How to Remove a Caveat
We recently published a blog about the effect of a caveat (in preventing the issuing of a grant) and when a caveat can be entered.
As highlighted by that blog, whilst a caveat will expire after six months, it can be renewed by the person who entered it in the run up to the expiry date. Repeatedly renewing a caveat can leave beneficiaries and executors of an estate in a difficult position. Beneficiaries will want the administration of the estate to progress as will executors, particularly considering that they are duty bound to progress the administration. With that in mind, they may wish to know the options available to them to remove the caveat.
The methods for removing a caveat
A caveat can be removed with the agreement of the person who entered it.
If an agreement cannot be achieved, there are two main options available. Firstly, an interested party can enter a Warning. This involves sending an application to Leeds District Probate Registry which, once sealed and served, will provide the person who entered the caveat a timeframe (currently 14 days) to enter a response, normally an Appearance, setting out their interest in the estate.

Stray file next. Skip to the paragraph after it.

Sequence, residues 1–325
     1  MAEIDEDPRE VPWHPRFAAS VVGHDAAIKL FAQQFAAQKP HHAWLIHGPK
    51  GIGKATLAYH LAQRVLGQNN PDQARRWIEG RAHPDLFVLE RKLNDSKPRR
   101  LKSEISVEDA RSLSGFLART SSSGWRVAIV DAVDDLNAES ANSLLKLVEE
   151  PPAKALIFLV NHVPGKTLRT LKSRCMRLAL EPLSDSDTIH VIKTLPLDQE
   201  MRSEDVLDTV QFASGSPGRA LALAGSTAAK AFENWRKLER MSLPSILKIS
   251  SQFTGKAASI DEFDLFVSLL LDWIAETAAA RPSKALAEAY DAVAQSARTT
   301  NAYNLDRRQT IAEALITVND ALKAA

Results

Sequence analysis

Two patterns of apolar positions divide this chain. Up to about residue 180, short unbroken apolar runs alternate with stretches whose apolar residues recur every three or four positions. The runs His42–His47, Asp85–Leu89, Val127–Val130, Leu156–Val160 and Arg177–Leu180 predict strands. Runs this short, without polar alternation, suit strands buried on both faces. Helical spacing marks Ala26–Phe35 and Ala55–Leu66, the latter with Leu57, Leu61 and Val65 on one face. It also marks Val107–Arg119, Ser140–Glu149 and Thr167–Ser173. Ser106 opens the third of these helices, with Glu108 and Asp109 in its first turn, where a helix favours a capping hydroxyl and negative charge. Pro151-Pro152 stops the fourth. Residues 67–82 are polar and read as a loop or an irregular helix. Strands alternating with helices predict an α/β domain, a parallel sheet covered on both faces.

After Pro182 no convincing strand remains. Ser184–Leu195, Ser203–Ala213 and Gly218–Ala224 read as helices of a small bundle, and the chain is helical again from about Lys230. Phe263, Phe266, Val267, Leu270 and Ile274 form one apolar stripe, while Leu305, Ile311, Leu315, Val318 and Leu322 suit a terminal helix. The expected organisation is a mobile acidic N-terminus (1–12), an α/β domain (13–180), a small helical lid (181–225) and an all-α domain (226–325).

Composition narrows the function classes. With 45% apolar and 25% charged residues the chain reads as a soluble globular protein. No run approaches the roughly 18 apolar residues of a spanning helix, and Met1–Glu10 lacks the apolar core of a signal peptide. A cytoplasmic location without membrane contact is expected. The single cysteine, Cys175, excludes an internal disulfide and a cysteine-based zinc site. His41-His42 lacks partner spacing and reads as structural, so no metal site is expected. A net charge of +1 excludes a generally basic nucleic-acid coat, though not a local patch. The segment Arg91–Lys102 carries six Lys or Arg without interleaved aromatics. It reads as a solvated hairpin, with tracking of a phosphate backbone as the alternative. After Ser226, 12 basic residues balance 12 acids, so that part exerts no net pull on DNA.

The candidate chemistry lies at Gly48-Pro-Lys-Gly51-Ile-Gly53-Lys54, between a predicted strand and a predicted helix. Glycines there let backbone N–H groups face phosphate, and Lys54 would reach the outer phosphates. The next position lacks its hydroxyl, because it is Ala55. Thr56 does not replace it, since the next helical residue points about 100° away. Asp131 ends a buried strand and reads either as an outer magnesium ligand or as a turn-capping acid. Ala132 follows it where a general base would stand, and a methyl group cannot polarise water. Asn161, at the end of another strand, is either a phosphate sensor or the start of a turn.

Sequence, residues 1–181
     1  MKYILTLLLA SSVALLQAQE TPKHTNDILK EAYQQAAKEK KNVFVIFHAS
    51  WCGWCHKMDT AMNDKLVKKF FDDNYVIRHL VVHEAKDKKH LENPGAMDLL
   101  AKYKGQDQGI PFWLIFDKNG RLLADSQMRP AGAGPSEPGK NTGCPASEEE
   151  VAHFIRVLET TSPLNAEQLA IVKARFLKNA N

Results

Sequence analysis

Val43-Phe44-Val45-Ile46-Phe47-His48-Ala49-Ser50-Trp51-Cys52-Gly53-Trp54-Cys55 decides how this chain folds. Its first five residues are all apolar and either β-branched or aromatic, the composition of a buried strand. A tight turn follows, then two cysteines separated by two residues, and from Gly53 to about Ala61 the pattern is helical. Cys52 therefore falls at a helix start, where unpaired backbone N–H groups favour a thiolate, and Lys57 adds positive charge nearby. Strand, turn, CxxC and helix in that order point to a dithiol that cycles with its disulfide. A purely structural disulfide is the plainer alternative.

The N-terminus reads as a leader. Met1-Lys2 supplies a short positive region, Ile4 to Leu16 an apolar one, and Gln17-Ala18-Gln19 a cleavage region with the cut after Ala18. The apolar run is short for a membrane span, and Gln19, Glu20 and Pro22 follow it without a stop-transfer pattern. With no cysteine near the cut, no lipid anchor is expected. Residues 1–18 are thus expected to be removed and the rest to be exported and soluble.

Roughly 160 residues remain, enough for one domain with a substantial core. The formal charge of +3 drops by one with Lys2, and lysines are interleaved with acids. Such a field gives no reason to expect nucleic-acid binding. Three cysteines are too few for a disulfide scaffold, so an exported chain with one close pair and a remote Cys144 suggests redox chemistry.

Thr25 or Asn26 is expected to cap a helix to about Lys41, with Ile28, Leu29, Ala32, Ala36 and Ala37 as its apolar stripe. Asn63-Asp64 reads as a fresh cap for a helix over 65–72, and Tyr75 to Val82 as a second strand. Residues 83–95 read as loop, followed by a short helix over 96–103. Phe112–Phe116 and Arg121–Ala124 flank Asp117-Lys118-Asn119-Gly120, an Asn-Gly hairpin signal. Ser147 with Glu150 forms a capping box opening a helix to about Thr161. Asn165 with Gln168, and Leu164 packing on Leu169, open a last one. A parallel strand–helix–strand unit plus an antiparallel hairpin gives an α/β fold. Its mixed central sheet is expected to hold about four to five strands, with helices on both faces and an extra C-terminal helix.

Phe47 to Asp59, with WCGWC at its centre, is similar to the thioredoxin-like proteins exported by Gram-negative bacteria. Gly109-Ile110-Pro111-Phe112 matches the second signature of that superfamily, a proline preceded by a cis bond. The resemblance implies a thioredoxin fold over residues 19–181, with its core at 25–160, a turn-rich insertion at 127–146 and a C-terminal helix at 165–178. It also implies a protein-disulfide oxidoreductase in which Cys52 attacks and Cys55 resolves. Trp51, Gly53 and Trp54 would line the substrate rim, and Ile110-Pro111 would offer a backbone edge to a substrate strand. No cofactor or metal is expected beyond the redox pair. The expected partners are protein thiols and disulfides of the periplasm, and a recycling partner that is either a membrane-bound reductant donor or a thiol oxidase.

If an Appearance is entered, the caveat will become permanent and can only be removed by a court order. The person who entered the caveat will need to think carefully about entering an Appearance, however, as they will be at a risk of a costs order against them if the person who entered the Warning seeks such a court order.
Secondly, an interested party can seek a court order to force the removal of the caveat before a Warning has been entered (which would still put the person who entered the caveat at risk of a cost order against them). The time and cost associated with these proceedings are such that it is normally advisable to first consider entering a Warning.